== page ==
An island in the Southern hemisphere
    Everything is done in the best possible way
    There are 54 towns
    Anyone may enter any house
    All are dressed alike
    Family life is patriarchal
    Most people eat in common halls
    Both men and women punished if not virgin when married
    All religions tolerated
    Priests are few. They have honour but no power
    Admittedly, Utopia sounds dull. There is no diversity
    Reformation – Authority of Pope rejected

    Counter reformation – Revolt against intellectual and moral freedom

    3 great men of reformation and counter reformation were Luther, Calcin, Loyola

    The rise of science:
    4 great men – Copernicus, Kepler, Galileo and Newton

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    Copernicus

    Polish
    Devoted to astronomy
    Believed the sun was the centre of the universe

    ----------
    Kepler

    First important astronomer to adopt heliocentric theory
    Influenced by Pythagoreanism

    Great discovery of his, three laws of planetary motion.


    Law 2: The line joining a planet to the sun sweeps out equal areas in equal times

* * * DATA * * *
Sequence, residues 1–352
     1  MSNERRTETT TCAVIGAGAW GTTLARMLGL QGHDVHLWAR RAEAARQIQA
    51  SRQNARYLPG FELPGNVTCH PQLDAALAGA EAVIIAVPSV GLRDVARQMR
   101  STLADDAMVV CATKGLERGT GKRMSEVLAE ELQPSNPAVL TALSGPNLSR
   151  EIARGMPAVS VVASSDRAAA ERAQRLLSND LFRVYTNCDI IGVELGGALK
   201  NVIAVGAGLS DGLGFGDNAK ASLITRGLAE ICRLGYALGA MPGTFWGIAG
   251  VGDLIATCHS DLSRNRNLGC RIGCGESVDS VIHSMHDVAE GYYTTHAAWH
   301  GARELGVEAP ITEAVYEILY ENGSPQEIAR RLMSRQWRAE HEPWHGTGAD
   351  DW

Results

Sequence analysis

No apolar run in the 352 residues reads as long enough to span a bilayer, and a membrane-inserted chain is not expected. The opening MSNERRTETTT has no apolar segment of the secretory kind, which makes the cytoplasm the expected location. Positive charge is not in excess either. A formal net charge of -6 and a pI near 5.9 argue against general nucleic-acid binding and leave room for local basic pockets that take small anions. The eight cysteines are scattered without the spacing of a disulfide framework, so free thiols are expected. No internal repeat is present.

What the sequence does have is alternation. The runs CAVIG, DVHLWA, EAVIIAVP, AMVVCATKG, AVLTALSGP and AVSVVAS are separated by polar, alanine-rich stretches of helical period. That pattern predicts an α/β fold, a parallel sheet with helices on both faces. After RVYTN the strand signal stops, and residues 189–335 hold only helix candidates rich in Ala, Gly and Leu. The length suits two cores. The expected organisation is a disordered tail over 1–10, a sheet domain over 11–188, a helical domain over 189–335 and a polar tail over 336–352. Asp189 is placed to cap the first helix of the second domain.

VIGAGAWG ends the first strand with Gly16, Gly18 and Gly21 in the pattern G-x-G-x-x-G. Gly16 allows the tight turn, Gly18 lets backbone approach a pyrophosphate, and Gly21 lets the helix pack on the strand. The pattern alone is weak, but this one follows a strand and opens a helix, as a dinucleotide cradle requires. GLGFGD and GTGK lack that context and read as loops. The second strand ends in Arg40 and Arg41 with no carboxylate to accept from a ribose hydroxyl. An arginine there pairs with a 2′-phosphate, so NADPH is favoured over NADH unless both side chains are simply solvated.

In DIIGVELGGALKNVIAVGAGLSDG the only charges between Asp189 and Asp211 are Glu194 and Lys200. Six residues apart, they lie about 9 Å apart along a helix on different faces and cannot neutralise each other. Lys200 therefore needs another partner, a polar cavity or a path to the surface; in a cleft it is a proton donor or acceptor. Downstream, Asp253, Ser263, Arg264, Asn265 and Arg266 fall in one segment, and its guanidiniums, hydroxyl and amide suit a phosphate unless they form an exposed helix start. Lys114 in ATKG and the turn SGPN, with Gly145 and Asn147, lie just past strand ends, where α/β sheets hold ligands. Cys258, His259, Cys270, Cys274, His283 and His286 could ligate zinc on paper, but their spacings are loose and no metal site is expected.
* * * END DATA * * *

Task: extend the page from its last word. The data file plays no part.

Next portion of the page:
Law 3: The square of the period of revolution of a planet is proportional to the cube of its average distance from the sun

    ----------
    Galileo

    First discovered the importance of acceleration in dynamics. It means the change of velocity. Found the milky way consists of a multitude of separate stars

    He was condemned by the inquisition privately in 1616, publicly in 1633

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    Newton

    "His 1687 publication of the Philosophiæ Naturalis Principia Mathematica (usually called the Principia) is considered to be among the most influential books in the history of science, laying the groundwork for most of classical mechanics."


    ----------
    Francis Bacon

    1617 – acquired his fathers office of keeper. But eventually prosecuted for accepting bribes from litigants.

    £40,000 fine, although not forced to pay the fine and only stayed in the tower for 4 days

    ----------
    Hobbes

    15, went to Oxford
    Research his background. Achievements etc.

    Wrote the leviathan:
    In the book, which was written during the English Civil War, Thomas Hobbes argues for a social contract sovereign. Hobbes wrote that chaos or civil war — situations identified with a state of nature and the famous motto Bellum omnium contra omnes ("the war of all against all") — could only be averted by strong central government"

    2 comments:

    Very good that your notes are based on the book, proves your reading = key to success.

    Really detailed notes what are perfect for revision, well done :)